Search result: Catalogue data in Spring Semester 2021

Environmental Engineering Master Information
Majors
Major Water Resources Management
Compulsory Moudules
Flow and Transport
NumberTitleTypeECTSHoursLecturers
101-0269-00LRiver Morphodynamic Modelling Restricted registration - show details O3 credits2GD. F. Vetsch, D. Vanzo
AbstractThe course teaches the basics of morphodynamic modelling, relevant for civil and environmental engineers. The governing equations for sediment transport in open channels and corresponding numerical solution strategies are introduced. The theoretical parts are discussed by examples.
ObjectiveThe goal of the course is twofold. First, the students develop a throughout understanding of the basics of river morphodynamic processes. Second, they get familiar with numerical tools for the simulations in one- and two-dimensions of morphodynamics.
Content- fundamentals of river morphodynamics (Exner equation, bed-load, suspended-load)
- aggradation and degradation processes
- river bars
- non-uniform sediment morphodynamics: the Hirano model
- short and long term response of gravel bed rivers to change in sediment supply
Lecture notesLecture notes, slides shown in the lecture and software can be downloaded
LiteratureCitations will be given in lecture.
Prerequisites / NoticeExercises are based on the simulation software BASEMENT (Link), the open-source GIS Qgis (Link) and code examples written in MATLAB and Python. The applications comprise one- and two-dimensional approaches for the modelling of flow and sediment transport.

Requirements: Numerical Hydraulics, River Engineering, MATLAB and/or Python programming skills would be an advantage.
Groundwater
NumberTitleTypeECTSHoursLecturers
102-0448-00LGroundwater IIO6 credits4GM. Willmann, J. Jimenez-Martinez
AbstractThe course is based on the course 'Groundwater I' and is a prerequisite for a deeper understanding of groundwater flow and contaminant transport problems with a strong emphasis on numerical modeling.
ObjectiveThe course should enable students to understand advanced concepts of groundwater flow and transport and to apply groundwater flow and transport modelling.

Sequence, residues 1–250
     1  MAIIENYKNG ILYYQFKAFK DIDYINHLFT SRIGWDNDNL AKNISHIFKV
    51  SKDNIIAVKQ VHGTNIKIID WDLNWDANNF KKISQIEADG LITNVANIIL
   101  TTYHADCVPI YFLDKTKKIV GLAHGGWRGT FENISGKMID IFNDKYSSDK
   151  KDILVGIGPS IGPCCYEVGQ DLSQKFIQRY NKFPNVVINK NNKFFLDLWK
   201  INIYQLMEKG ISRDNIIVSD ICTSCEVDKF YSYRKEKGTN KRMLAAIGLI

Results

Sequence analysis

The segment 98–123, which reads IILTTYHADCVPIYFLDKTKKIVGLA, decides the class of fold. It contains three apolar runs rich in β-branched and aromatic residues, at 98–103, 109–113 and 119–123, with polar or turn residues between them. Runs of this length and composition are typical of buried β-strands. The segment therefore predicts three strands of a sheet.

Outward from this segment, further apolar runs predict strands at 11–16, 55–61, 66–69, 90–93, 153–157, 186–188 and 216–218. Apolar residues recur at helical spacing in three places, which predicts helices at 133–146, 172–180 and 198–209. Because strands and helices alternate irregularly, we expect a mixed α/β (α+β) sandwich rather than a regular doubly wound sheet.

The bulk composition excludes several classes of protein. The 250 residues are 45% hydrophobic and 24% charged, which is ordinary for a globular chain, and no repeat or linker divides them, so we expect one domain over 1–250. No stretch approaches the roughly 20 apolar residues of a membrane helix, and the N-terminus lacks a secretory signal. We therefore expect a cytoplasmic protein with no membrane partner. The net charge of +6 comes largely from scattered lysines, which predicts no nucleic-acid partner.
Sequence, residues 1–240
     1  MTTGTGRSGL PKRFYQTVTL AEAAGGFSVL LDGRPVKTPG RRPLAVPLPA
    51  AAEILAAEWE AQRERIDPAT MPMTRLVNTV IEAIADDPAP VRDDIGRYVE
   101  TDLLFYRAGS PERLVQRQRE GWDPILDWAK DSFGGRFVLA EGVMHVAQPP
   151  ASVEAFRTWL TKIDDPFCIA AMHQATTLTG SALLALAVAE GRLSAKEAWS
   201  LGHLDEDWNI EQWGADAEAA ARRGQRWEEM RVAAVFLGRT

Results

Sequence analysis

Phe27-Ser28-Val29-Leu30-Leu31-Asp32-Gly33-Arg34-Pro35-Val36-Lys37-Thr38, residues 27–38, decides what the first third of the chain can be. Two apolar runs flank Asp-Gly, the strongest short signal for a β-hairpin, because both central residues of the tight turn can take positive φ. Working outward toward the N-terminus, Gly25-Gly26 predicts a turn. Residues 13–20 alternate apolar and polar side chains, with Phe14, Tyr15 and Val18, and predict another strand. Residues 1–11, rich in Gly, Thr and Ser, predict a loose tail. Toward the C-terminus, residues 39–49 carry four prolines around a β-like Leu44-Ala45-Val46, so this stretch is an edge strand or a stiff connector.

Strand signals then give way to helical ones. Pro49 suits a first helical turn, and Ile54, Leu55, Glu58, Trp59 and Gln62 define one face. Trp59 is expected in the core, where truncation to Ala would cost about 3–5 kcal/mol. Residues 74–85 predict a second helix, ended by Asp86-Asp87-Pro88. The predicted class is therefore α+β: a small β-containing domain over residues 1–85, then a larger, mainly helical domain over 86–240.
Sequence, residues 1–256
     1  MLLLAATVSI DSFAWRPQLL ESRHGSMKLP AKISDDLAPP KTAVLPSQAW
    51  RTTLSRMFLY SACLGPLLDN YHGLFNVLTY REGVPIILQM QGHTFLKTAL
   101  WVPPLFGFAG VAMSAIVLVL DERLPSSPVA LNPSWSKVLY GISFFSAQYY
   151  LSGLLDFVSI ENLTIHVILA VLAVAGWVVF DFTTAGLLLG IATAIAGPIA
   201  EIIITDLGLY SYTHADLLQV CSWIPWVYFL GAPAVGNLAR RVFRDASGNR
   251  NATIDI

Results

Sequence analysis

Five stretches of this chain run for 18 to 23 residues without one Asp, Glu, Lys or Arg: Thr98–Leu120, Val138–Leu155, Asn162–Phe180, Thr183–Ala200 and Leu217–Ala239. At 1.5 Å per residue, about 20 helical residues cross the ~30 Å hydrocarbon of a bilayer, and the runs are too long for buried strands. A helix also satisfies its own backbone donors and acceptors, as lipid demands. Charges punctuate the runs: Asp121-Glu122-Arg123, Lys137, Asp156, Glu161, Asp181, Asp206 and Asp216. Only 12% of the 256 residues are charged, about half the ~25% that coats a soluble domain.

the student should be able to
a) formulate practical flow and contaminant transport problems.

b) solve steady-state and transient flow and transport problems in 2 and 3 spatial dimensions using numerical codes based on the finite difference method and the finite element methods.

c) solve simple inverse flow problems for parameter estimation given measurements.

d) assess simple multiphase flow problems.

e) assess spatial variability of parameters and use of stochastic techniques in this task.

f) assess simple coupled reactive transport problems.
ContentIntroduction and basic flow and contaminant transport equation.

Numerical solution of the 3D flow equation using the finite difference method.

Numerical solution to the flow equation using the finite element equation

Numerical solution to the transport equation using the finite difference method.

Alternative methods for transport modeling like method of characteristics and the random walk method.

Two-phase flow and Unsaturated flow problems.

Spatial variability of parameters and its geostatistical representation -geostatistics and stochastic modelling.

Reactive transport modelling.
Lecture notesHandouts
Literature- Anderson, M. and W. Woessner, Applied Groundwater Modeling, Elsevier Science & Technology Books, 448 p., 2002

- J. Bear and A. Cheng, Modeling Groundwater Flow and Contaminant Transport, Springer, 2010

- Appelo, C.A.J. and D. Postma, Geochemistry, Groundwater and Pollution, Second Edition, Taylor & Francis, 2005

- Rubin, Y., Applied Stochastic Hydrology, Oxford University Press, 2003

- Chiang und Kinzelbach, 3-D Groundwater Modeling with PMWIN. Springer, 2001.
Prerequisites / NoticeEach afternoon will be divided into 2 h of lectures and 2h of exercises. Two thirds of the exercises of the course are organized as a computer workshop to get hands-on experience with groundwater modelling.
701-1240-00LModelling Environmental Pollutants Restricted registration - show details O3 credits2GM. Scheringer, C. Bogdal
AbstractModeling the emissions, transport, partitioning and transformation/degradation of chemical contaminants in air, water and soil.
ObjectiveThis course is intended for students who are interested in the environmental fate and transport of volatile and semi-volatile organic chemicals and exposure to pollutants in environmental media including air, water, soil and biota. The course focuses on the theory and application of mass-balance models of environmental pollutants. These models are quantitative tools for describing, understanding, and predicting the way pollutants interact with the environment. Important topics include thermodynamic and kinetic descriptions of chemical behavior in environmental systems; mechanisms of chemical degradation in air and other media; novel approaches to modeling chemical fate in a variety of environments, including lakes and rivers, generic regions, and at the global scale, and application of mass balance modeling principles to describe bioaccumulation of pollutants by fish and mammals.